My Lords, when I put my name down to speak in this debate, I had a little debate with myself about what I should speak about. I considered talking about the support for local sporting facilities—an important factor that leads into health plans and so on and, going forward, support for local clubs—but I thought I would have another look at one of the bigger spending commitments: the support for those who have special educational needs within the education system.
Just before Christmas, we got an announcement of extra money there, which is always welcome. But the reason why it was needed is that there seems to be a chronic underfunding in this department which has led to a culture of parents having to take local authorities to court to get what they are entitled to under the law. If ever there was one little thing that says, “Something isn’t working”, it is having to go to court to get it to function. There cannot really be any debate about that. When you look at the figures of the outcomes of tribunal and appeals, the best statistic that local authorities end up with here is a 12% success rate: 88% of parents winning appeals is the worst figure I have found—for most, the figures is around nine in 10. So something is going wrong here.
We were earlier told to take some responsibility for the things we have done here. Regarding the Children and Families Act 2014, yes, I was there and I took part in it. The framework which is set out there is one of the things on which these legal actions have been taken. That Act stated that local authorities have a responsibility for delivering support to those with special educational needs, and it got rid of the old statement system and replaced it with the education, health and care plans. We have this new responsibility that is supposed to reach into other groups, and it extends that help into further education to the age of 25. Those who have a disability or special educational need should be able to be supported until the age of 25. That was great, wonderful—it had all-party support, with very little disagreement—and was a good thing.
However, that requires resources. It requires resources because this is a growing group, not only because of the number of people who live through traumatic childhood illnesses and survive into later life but because we are getting much better at identifying those who have hidden needs. Now comes the time to remind the House once again of my interest with regard to dyslexia. It is a subject on which I have waxed long and often to noble Lords, but it is basically a hidden disability. I am dyslexic; it is not immediately apparent. The same could be said of numerous other conditions: attention deficit disorder, dyspraxia—the list goes on. Such hidden needs have been found. There are also groups whom we think we can now educate where we did not used to; they require help.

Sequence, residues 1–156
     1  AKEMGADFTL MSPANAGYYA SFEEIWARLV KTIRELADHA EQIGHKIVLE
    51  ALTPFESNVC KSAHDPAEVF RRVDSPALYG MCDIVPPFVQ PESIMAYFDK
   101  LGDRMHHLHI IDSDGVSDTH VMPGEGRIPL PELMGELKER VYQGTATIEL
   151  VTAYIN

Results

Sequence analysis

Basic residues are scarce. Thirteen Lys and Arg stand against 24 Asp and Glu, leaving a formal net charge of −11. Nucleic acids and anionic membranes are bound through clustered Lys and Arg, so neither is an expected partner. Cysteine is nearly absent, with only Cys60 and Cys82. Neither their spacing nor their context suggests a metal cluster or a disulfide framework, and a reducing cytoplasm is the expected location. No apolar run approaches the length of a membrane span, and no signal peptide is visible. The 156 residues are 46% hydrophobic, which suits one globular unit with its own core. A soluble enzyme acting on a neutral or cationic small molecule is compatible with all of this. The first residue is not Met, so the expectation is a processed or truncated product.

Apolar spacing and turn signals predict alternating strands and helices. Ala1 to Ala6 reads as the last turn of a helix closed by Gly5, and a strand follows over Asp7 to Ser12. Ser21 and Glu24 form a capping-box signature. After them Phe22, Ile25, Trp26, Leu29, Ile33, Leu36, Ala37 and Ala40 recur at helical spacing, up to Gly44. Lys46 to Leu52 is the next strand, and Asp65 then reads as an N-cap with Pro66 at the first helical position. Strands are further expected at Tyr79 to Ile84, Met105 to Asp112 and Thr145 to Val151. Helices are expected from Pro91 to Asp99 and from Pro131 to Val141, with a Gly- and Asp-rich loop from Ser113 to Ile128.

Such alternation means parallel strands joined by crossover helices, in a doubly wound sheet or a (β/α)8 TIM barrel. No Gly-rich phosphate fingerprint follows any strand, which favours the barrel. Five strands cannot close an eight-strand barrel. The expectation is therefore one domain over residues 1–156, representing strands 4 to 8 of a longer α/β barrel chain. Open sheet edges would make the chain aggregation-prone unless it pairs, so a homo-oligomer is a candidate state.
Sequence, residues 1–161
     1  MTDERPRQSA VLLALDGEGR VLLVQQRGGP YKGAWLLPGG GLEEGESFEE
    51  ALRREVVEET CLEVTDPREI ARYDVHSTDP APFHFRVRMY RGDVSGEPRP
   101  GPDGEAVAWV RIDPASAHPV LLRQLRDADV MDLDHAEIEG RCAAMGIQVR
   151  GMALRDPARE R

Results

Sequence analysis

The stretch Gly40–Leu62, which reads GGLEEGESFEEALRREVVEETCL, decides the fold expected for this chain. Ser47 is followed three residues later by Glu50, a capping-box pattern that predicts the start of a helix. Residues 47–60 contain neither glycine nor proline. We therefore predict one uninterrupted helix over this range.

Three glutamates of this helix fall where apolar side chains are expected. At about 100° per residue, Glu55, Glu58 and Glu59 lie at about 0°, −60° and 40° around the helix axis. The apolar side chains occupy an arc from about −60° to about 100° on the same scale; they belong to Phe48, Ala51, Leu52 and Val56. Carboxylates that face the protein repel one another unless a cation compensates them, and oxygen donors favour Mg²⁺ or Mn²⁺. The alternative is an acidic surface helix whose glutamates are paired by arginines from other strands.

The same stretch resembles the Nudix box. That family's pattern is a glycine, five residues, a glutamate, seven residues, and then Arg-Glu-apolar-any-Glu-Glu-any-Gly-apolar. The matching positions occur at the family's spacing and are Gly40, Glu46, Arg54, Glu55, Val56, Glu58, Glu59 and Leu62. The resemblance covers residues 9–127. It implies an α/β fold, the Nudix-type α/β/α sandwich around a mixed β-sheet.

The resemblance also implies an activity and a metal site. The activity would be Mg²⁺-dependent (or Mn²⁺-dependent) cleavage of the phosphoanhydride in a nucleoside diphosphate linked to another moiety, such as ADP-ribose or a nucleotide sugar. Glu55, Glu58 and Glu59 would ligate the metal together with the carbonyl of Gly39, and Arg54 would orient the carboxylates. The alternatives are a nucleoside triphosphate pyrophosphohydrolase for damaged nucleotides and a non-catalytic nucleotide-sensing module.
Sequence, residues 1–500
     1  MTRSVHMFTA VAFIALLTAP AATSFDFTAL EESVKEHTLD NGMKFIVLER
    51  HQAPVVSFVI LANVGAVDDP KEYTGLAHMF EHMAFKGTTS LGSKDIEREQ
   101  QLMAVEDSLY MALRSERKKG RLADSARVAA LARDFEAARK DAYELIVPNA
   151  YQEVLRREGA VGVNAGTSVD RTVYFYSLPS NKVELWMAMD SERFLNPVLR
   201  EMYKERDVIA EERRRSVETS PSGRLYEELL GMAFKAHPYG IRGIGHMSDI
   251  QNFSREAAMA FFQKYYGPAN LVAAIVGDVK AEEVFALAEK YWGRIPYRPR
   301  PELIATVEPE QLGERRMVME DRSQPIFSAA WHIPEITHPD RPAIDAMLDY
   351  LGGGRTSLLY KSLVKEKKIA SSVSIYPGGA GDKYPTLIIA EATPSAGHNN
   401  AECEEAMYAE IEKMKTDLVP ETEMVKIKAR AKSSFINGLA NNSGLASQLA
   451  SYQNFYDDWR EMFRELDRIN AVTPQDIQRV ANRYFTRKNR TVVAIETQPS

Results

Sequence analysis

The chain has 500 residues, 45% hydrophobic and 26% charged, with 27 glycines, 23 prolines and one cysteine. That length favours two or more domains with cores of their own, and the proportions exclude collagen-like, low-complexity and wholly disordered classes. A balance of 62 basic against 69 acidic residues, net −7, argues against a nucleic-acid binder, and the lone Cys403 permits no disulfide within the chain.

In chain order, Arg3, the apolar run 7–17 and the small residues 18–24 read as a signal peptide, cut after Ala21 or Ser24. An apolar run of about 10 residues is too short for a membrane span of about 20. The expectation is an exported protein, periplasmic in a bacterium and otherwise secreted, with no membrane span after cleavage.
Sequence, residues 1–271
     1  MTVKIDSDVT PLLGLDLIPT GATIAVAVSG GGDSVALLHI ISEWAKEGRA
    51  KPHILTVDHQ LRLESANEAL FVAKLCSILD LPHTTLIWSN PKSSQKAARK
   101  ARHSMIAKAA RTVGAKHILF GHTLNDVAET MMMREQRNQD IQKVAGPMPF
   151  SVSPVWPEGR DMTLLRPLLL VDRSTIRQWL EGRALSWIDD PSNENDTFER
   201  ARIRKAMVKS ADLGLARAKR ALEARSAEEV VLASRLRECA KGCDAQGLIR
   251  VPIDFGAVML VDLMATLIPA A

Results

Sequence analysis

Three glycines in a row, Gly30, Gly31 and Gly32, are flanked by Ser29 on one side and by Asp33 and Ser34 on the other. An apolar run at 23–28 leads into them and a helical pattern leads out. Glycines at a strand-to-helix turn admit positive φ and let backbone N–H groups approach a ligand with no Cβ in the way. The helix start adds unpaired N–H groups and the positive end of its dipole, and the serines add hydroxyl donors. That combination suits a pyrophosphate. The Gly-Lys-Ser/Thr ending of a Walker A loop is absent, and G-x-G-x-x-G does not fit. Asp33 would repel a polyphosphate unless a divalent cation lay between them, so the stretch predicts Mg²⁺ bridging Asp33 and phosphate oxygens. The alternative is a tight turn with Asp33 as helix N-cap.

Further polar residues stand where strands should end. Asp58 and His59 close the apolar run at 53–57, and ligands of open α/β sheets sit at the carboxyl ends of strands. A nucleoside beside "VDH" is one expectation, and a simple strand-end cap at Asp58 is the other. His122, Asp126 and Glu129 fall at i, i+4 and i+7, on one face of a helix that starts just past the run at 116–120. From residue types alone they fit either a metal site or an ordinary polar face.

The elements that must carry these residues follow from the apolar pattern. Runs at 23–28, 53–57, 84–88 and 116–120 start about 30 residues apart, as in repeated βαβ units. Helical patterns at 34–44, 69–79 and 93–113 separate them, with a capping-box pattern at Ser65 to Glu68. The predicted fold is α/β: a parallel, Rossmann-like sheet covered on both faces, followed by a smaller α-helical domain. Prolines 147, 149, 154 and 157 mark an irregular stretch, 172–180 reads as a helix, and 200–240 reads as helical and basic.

So a growing cohort is coming through, but they are accessing their help through the courts. That means of course that those on free school meals and with special educational needs are not getting their help and have some of the lowest pass rates. The tiger parent is not there. Two dyslexic parents with a dyslexic child are not going to wade through lots of legal documents and get the help they need; it just does not happen. People are having to fight the system to get help for their children, which means that only a few are being well served by it. That is probably because we do not have enough courage to recognise that it saves in the medium term to support people quickly. The various funding streams for interventions in the schools system, with academies and free schools also in there, are—let us face it—not straightforward, but they are there, and there is always a duty. We have got ourselves into a situation where only those who are well-off, well resourced and determined to access the right things are getting help with the frequency they need.
We then have the problem of groups with very high needs. Those groups seem to be most commonly in the courts. I have with me a list of shame in a briefing from the National Autistic Society. Glancing down it, I see Bristol, Surrey, Hackney, east Surrey and North Yorkshire. Long legal cases have been brought against local authorities in those areas for not fulfilling their legal duty. I do not think that local council authorities sit down at night and say, “How can we not fulfil the needs of these people?” It is a matter of funding and prioritising. The cost of fighting over funding decisions has reached an absurd level. I was told that it costs about £16,000 to fight against a parent at an appeal. Looking at dyslexia, which I know best, four level 7 assessors and support staff could be trained for that money and probably be able to deal with dozens of dyslexics coming through every year. We have got ourselves into a ridiculous situation where county councils and local authorities are sitting down and saying, “We will resist you because we are frightened of what’s happening”, as opposed to investing in the system.
Something has got to change. We can argue about it for ever, but we have certainly got to a very bad place. Nobody wanted to be here; nobody expected to be here. Unless we do something soon, we will end up with an ingrained system that excludes the worst-off, ignores huge chunks of the population who do not have the right backing and ends up in a very costly legal system where all we do is make sure that certain firms of solicitors do very nicely thank you.